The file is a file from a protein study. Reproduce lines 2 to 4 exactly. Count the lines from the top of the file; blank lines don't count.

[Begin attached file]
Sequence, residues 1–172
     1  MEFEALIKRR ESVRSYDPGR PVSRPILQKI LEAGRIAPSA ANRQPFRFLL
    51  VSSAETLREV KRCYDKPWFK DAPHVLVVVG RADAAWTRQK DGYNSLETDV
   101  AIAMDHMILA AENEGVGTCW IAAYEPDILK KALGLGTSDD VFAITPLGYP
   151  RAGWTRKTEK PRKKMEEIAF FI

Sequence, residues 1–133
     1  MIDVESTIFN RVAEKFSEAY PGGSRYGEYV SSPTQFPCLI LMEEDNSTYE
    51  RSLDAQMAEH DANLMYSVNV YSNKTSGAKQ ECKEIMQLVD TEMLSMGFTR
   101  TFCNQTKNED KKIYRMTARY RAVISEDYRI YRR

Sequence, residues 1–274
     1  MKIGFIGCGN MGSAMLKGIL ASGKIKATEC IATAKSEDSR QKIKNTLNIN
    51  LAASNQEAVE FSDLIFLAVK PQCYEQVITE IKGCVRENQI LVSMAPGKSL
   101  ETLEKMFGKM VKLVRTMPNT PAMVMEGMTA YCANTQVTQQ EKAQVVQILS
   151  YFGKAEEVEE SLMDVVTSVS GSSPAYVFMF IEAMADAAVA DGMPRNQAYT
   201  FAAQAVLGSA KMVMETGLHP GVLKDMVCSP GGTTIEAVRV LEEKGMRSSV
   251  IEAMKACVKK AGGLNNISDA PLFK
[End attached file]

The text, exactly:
     1  MEFEALIKRR ESVRSYDPGR PVSRPILQKI LEAGRIAPSA ANRQPFRFLL
    51  VSSAETLREV KRCYDKPWFK DAPHVLVVVG RADAAWTRQK DGYNSLETDV
   101  AIAMDHMILA AENEGVGTCW IAAYEPDILK KALGLGTSDD VFAITPLGYP